The encyclopaedia said some people thought coma patients might be able to hear people around him. He licked his lips and stepped forward again. "Hello," he said. "It's Rory. Rory W— Um. We took your dog to the kennel and it's okay. I mean, it's a bit sad, but... Actually that's how Mum knew something was wrong, with you I mean, because it wasn't barking like it usually does whenever a car goes past, it was howling instead. And we had it at our place for a bit and it stopped howling and just lay on the ground all mopey, but at the kennel they said it'll be okay."

He wasn't used to talking for so long without being interrupted, but the nurse was looking busy with the chart.

He added, "When you're better you can go and get it back from the kennel and— and it'll be barking at cars again in no time." He tried to think of something to say, but he didn't really know anything else about Mr Jensen, except that Bryce and Gareth always joked that he looked like his dog, big and growly. He didn't look like that with tubes all over his face though, just... tired.

Rory shifted from one foot to the other, and was glad when the nurse finished with the clipboard and took him back downstairs.


"What's for afternoon tea?" he asked when he got home, and went to look in the kitchen.

Mum poked her head out of the laundry. "Where's Tony?"

Yum, squashed fly biscuits. "He's got chicken pox. Can I have three?"

"Oh, Rory," she sighed, "please tell me you're not going to get chicken pox. I don't think I can bear going through that again."

"I'm not going to get chicken pox," he said obediently, and took three squashed fly biscuits.

"Write 'baking soda' on the shopping list."

"The pen's not there," he said, and added in the hope of distracting her from his impending doom, "There's a new girl in my class. And she's got an older sister."

"Oh, that is nice," she said. "I always say it's strange how few girls there are in your year. And far too many only children in Hayley's year."

"And not enough babysitters," Rory finished by rote. And then Dad always said it was just a statistical anomaly and started teaching all the kids about probability again. He picked up an apple and said, "Can I cut a face on my apple?"

"Just eat it like normal," she said in exasperation.

The front door banged and Hayley called, "What's for afternoon tea?" and Rory took his cue to go upstairs.

"And don't leave the apple core on your floor!" Mum called after him.


As it turned out he didn't get chickenpox until next April, and that was only because Lloyd got it in late March. And it wasn't fair, because when Lloyd was sick Rory had played with him, even though it made Mum sigh, but now Rory was sick Lloyd was out playing football all the time. Even Hayley only popped into his room for a minute to give him her Operation box before running out again to meet her friends. He wasn't even any good at Operation, he was way too clumsy.

Maybe Tony would come and visit today, he thought hopefully. Or Jeff, or even Mike — except Mike hadn't had chicken pox yet. What was the point of making new friends if they hadn't had chicken pox?

He was trying to extract the wishbone when there was a knock on his window. He jumped and the light buzzed, again. Amelia Pond waved at him from the tree outside.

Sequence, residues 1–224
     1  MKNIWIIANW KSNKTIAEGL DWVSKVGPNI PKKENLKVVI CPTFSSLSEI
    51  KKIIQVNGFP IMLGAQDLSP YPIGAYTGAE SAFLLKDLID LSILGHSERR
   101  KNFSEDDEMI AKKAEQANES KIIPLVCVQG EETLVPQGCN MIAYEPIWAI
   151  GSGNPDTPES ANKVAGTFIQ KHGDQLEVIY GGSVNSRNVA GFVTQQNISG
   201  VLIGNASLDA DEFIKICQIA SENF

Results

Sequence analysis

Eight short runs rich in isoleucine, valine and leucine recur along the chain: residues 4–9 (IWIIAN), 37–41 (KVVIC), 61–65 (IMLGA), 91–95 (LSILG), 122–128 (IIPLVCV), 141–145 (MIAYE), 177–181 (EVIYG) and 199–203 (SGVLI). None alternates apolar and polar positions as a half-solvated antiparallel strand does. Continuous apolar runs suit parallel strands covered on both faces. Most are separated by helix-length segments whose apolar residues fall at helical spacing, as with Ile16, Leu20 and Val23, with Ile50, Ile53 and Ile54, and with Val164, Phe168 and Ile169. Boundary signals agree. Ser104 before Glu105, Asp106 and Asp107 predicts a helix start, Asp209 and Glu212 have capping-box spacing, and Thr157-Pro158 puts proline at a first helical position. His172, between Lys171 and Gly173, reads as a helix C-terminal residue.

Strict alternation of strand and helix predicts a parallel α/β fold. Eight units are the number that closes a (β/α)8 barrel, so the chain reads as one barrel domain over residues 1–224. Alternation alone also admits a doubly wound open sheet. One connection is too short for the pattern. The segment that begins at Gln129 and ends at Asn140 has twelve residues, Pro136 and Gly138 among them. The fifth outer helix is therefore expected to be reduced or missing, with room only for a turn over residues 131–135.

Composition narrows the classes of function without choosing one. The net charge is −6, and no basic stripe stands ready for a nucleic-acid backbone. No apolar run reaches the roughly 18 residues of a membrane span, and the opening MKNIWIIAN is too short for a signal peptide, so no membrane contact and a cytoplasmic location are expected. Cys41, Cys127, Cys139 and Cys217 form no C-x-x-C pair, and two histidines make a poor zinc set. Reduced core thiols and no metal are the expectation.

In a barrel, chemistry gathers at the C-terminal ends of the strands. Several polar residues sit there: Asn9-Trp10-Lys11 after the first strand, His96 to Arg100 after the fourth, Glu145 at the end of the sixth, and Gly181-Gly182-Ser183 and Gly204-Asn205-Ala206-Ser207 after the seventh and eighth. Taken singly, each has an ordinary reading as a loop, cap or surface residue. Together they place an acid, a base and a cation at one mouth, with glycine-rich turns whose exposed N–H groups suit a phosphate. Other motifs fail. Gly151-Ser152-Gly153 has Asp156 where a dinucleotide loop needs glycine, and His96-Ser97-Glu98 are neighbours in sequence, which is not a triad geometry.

He dashed over to the window and opened it a crack. "What are you doing?"

"Your mum wouldn't let me in because she said I might get sick."

"So you climbed the tree instead?"

"That's right," she said with a grin.

"But— But what if you fall?"

"I won't fall," she said scornfully. "Open the window properly."

He started to, then stopped. "Why?"

"So I can climb in."

"You can't do that!"

"I won't fall," she repeated.

"Well, but— You might get sick."

"I've already had chicken pox, Aunt Sharon just doesn't remember. Actually, I think I can open it myself, if I just—"

"Don't!" he said in alarm, and hurried to push it right up and help her in so she wouldn't fall. Her backpack almost caught on the edge, and she did a kind of sideways somersault on Lloyd's bed.

Annoyed, he lied, "I can see your knickers."

"Can not."

"Can too." He scowled as she took her backpack off and pulled out an icecream container full of Fimo. "Why don't you go and play with Amanda?"

"Can't," she said matter-of-factly. "She's gone back to Manchester."

"What? When?"

"Yesterday, with their dad. Their mum's in a coma or something and he says he can't keep taking time off work so they're going back to live with him again."

"What kind of coma?"

She shrugged as if she didn't care and started rubbing a block of pale blue Fimo between her hands.

Rory studied the position of the wishbone, thinking about it. "That's really weird," he concluded.

"No, it's not," Amelia snapped.

"Well, it kind of is," he started apologetically, "because—"

"No, it's not. Sometimes people get sick, and— and sometimes people go places, there's nothing weird about it."

"I just meant about it being a coma, because—"

"It's not weird!" she shouted.

"Okay! Okay, shush, Mum'll hear you."

"It's not weird," she insisted in a fierce whisper.

"You're right," he agreed — he didn't like how upset she was getting — "it's probably just a statistical anomaly."

She looked at him warily. "What's that?" she asked, so he got out a coin and explained it the way Dad did, until she realised it was maths and made him put the coin away again. But she looked happier anyway, and went back to making a model of the Raggedy Doctor while Rory went back to being really bad at playing Operation.


A week after Rory was finally allowed out of the house, Amelia wasn't at school. As soon as they got out he made an excuse to Tony and Jeff (it was disappointing how few questions they asked) and went to visit her. Her aunt opened the door. "Sorry, Rory, but Amelia's got chicken pox."

"I just had them," he said, then realised he was probably the one who'd given them to her. "Um. Sorry.... She said she'd already had them."

Her aunt sighed and shut her eyes. "Rory," she said after a moment, "Amelia... has a very vivid imagination. Sometimes it's best not to believe everything she says."

She meant Amelia was crazy. That wasn't fair. Your own aunt wasn't supposed to go around telling people you were crazy. He nearly scowled before remembering he had to be polite. "Okay," he said meekly, and in case she'd seen the scowl he added another, "Sorry."

She gave him a smile. "No use crying over spilt milk. You can go up and play with her if you like."

"Thanks, Ms Pond," he said, and went on up the stairs.

"Try and keep her from scratching," she called after him.